David Sycamore

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1 years, 13 days

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These are questions asked by David Sycamore

As is well known, a number n is a Charmichael number if and only if for every prime factor p of n, p-1 divides n-1. 

I would like to find a way to identify the following: Odd square free composite numbers n, having at least one prime factor p, with the property that p-1 divides n-1.

obviously the Carmichael numbers are a sub sequence of this. I have already managed to write a code to identify odd square free numbers divisible by the sum of their prime divisors and am interested to see how these data will differ from those of  this new sequence. 

My problem here is to find, given an odd square free number, a way to select and test each prime divisor for the above divisibility requirement. I hope someone can help, thanks in advance

Best regards

David Sycamore.

Hi,

I am trying to write a code for the following simple recurrence:

a(1)=1,

a(n)+1prime—>a(n+1)=a(n)+1,

a(n)+1 composite —>a(n+1)=n+2

if a(n) even, or a(n)+ 3 if a(n) odd.

Data: 1,2,3,6,7,10,11,14,16,17.....

My first attempt is the following:

N:=10:

for k from 1 to N do

X:=1;

if isprime(X+1) then print(X+1);

elif not isprime(X+1) and mod(X,2)=0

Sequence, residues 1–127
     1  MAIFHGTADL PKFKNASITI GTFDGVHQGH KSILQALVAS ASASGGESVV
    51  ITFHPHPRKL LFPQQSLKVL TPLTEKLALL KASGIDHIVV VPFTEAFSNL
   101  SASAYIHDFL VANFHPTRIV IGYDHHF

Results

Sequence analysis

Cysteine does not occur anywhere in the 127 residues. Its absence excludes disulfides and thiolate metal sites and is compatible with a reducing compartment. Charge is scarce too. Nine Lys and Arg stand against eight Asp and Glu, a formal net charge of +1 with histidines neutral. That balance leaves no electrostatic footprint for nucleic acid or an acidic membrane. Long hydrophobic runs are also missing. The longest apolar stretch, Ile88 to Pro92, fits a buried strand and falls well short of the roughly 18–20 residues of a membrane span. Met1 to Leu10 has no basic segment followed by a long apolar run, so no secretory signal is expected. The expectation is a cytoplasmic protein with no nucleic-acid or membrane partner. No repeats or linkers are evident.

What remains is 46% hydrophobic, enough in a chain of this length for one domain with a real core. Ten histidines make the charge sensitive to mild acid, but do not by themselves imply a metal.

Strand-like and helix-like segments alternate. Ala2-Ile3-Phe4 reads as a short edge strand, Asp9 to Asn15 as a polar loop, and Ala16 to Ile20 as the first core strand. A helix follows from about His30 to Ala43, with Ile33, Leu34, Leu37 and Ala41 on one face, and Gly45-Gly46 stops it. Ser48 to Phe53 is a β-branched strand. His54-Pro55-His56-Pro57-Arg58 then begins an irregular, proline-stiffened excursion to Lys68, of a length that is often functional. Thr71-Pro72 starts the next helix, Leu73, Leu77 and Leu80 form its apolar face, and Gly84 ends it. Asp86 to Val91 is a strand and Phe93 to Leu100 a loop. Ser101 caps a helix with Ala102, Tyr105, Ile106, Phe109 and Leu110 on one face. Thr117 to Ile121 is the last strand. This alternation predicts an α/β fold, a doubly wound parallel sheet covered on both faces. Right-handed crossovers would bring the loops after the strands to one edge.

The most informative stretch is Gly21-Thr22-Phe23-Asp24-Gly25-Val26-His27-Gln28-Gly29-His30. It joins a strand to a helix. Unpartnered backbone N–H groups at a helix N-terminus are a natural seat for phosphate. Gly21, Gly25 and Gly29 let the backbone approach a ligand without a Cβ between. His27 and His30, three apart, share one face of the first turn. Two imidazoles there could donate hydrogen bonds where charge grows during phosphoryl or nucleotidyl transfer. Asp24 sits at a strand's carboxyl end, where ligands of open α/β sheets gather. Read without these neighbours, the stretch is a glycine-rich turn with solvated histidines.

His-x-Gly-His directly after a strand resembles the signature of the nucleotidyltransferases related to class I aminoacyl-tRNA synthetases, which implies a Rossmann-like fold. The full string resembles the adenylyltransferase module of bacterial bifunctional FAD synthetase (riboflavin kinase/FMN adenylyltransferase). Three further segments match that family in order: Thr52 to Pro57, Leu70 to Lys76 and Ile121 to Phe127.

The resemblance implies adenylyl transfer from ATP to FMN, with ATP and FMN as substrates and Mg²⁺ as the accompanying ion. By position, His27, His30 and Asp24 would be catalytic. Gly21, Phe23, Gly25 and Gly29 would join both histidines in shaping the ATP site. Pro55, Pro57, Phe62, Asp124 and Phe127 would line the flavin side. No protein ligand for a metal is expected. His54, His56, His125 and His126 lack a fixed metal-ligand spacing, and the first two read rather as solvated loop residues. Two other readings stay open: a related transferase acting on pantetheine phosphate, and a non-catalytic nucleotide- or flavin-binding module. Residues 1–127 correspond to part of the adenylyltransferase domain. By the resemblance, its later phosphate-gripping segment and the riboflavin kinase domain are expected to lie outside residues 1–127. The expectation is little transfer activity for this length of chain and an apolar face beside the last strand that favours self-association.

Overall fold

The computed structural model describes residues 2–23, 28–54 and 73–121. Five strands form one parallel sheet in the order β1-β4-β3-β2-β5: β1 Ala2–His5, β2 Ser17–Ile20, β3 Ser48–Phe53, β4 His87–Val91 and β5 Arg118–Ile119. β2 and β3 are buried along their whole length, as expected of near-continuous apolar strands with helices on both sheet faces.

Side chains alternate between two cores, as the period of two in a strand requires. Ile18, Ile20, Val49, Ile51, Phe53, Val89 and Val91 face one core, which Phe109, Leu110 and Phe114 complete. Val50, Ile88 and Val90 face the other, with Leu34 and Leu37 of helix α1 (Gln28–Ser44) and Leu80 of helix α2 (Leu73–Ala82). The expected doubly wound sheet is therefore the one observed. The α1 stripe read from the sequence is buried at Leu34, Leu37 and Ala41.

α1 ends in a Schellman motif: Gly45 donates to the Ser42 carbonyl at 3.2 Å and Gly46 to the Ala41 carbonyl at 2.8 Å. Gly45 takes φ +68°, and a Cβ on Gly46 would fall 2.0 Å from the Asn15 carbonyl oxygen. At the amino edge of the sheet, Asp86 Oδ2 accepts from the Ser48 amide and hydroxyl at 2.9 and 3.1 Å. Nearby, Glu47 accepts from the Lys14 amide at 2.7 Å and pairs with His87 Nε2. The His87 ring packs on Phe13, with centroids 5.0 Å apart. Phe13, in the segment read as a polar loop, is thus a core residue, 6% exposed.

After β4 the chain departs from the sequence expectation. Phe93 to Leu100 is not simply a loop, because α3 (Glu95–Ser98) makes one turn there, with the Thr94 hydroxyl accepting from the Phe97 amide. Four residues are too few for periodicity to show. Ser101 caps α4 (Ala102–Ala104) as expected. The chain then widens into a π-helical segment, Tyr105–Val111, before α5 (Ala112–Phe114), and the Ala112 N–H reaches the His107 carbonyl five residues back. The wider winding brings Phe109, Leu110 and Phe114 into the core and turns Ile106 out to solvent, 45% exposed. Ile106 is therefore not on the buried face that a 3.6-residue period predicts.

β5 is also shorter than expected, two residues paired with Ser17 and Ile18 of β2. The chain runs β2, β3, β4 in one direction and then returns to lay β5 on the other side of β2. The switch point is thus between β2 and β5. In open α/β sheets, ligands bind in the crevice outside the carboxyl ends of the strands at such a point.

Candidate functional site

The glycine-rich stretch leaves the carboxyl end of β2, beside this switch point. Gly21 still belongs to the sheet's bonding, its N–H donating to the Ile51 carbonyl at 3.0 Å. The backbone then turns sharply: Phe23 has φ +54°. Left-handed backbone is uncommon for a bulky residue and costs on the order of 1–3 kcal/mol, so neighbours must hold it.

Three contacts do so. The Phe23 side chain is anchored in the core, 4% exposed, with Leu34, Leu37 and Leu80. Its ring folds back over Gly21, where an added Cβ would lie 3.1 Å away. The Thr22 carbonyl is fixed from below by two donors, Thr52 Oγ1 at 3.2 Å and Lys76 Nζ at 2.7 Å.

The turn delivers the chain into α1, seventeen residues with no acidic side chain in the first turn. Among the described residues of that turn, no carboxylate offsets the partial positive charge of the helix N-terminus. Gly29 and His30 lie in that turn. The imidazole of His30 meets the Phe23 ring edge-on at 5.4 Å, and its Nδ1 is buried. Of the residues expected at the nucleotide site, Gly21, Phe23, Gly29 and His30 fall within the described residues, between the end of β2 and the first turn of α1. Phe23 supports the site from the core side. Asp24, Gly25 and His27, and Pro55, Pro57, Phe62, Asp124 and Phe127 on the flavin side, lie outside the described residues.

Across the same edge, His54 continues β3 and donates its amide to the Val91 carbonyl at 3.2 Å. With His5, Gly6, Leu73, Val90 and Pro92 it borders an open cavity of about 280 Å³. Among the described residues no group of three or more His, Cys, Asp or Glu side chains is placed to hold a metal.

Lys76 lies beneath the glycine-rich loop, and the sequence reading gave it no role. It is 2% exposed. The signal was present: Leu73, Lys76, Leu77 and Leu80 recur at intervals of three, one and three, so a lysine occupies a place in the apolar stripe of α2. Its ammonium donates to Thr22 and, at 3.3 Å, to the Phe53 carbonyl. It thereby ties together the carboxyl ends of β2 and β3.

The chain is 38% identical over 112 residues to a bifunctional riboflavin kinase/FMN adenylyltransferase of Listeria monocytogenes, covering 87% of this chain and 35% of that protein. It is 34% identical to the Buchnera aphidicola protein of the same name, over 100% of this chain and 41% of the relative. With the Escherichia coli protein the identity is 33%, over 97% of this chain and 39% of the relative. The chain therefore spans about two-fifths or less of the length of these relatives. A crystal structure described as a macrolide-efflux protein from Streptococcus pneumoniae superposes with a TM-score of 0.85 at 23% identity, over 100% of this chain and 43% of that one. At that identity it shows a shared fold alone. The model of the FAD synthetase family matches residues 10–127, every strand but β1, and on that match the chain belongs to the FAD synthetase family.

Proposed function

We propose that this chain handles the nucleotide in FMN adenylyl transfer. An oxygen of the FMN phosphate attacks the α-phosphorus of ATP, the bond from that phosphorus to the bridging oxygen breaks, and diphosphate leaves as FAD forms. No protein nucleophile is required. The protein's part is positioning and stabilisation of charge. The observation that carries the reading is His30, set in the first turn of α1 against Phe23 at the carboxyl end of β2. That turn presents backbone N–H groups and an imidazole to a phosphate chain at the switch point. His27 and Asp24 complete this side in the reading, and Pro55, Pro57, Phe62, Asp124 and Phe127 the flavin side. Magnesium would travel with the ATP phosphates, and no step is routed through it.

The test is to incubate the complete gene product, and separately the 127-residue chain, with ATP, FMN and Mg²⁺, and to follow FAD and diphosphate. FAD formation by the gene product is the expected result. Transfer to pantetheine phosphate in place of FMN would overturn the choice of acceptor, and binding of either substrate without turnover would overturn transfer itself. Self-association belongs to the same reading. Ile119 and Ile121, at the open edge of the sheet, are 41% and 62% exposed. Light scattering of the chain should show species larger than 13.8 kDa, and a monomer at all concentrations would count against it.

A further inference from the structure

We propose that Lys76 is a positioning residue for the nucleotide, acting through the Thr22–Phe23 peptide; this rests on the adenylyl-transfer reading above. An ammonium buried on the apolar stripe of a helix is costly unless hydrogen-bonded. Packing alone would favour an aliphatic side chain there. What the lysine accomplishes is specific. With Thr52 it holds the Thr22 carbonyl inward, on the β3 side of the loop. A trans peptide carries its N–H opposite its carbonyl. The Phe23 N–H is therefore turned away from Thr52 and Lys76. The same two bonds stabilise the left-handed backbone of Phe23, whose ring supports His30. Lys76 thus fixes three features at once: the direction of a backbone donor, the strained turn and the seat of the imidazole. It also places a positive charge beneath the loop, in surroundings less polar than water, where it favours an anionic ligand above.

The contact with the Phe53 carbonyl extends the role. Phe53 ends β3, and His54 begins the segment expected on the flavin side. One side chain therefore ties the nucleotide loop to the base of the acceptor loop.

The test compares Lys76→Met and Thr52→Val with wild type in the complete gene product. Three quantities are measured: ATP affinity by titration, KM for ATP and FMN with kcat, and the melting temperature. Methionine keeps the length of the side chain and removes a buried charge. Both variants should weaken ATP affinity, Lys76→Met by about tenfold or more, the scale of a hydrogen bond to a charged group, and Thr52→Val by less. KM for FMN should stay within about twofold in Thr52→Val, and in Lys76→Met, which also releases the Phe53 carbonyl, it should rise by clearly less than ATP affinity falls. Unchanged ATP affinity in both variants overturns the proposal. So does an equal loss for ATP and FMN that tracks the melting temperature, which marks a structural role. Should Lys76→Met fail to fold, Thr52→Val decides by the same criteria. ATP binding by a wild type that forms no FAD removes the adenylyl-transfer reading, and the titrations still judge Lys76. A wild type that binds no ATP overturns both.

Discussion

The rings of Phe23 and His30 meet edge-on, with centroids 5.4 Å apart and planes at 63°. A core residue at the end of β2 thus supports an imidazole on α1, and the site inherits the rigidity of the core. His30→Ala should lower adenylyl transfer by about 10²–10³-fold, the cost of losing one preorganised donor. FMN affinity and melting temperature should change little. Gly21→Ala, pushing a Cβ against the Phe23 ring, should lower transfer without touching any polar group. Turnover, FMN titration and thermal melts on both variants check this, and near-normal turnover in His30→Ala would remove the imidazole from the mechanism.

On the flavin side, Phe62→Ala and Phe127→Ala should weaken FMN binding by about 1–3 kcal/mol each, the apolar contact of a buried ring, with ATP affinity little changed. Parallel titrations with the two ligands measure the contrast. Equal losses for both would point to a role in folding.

then print(X+2);

else print(X+3);

end if:

end do:

This does not work but I cannot see why. Would somebody mind to help me out with this?

 

Best regards

David.

 

 

 

I am trying to write a code to calculate, for a given prime p the string length k of the repunit

R_k=1111111....1111 (with k 1s) such that the number R_kpR_k is prime.  

Example: If p=59, then k=42 is the smallest k such that R_k59R_k is prime. Note that for some primes it can be shown that no such k exists (2,11,37,101..)

I can usually figure out from the factor cycle of a “repunit wrapped” prime whether such a k exists or not. But if the indications are that a k does exist then finding it is very time consuming. Eg for p =71, 167. 

 

What i want to do, for given p is set an upper limit N for k then check to see if R_kpR_k is prime for values of k from 1 to N

The bit I can’t handle is expressing the “wrapped” number for a given p and k, and also indexing from k to k+1, until N is reached or a prime found.

Any assistance gratefully received.

Best regards

David.

 

 

 

 

 

Hi, 

I am interested to find the primes in in field Zp which Have prime inverses.  In particular, for any prime p up to an arbitrary number N, the number of pairs (a,b) where a and b are mutually inverse primes <p in Zp. Obviously in this context (a,b) is the same as (b,a) so no need for double counting. What I have so far is the following simple code for finding the inverse of prime q<p, given a chosen value of p. I can then see which results are prime and which are composite.

N:=p:

for n from 1 to N do

X:=q*n-1;

if mod(X,p)=0 then print(n);

end if:

end do:

This “hand cranking” method works but is of course boring but I don’t know how to scale it up to a more efficient code as described above. I would be grateful to anyone  able to assist me with this.

Thanks in advance

David

ithprime(n)  gives the unique prime whose index is n, thus ithprime(10) returns 29. Question: is there an inverse function in Maple, which given prime p would return n such that ithprime(n) = p?

Or if no such function exists can anyone suggest a way such a function could be coded?

Thanks in advance

David.

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